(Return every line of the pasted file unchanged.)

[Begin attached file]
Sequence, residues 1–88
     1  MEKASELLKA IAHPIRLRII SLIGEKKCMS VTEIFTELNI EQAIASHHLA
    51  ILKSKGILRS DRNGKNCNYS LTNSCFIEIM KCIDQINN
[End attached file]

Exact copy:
Sequence, residues 1–88
     1  MEKASELLKA IAHPIRLRII SLIGEKKCMS VTEIFTELNI EQAIASHHLA
    51  ILKSKGILRS DRNGKNCNYS LTNSCFIEIM KCIDQINN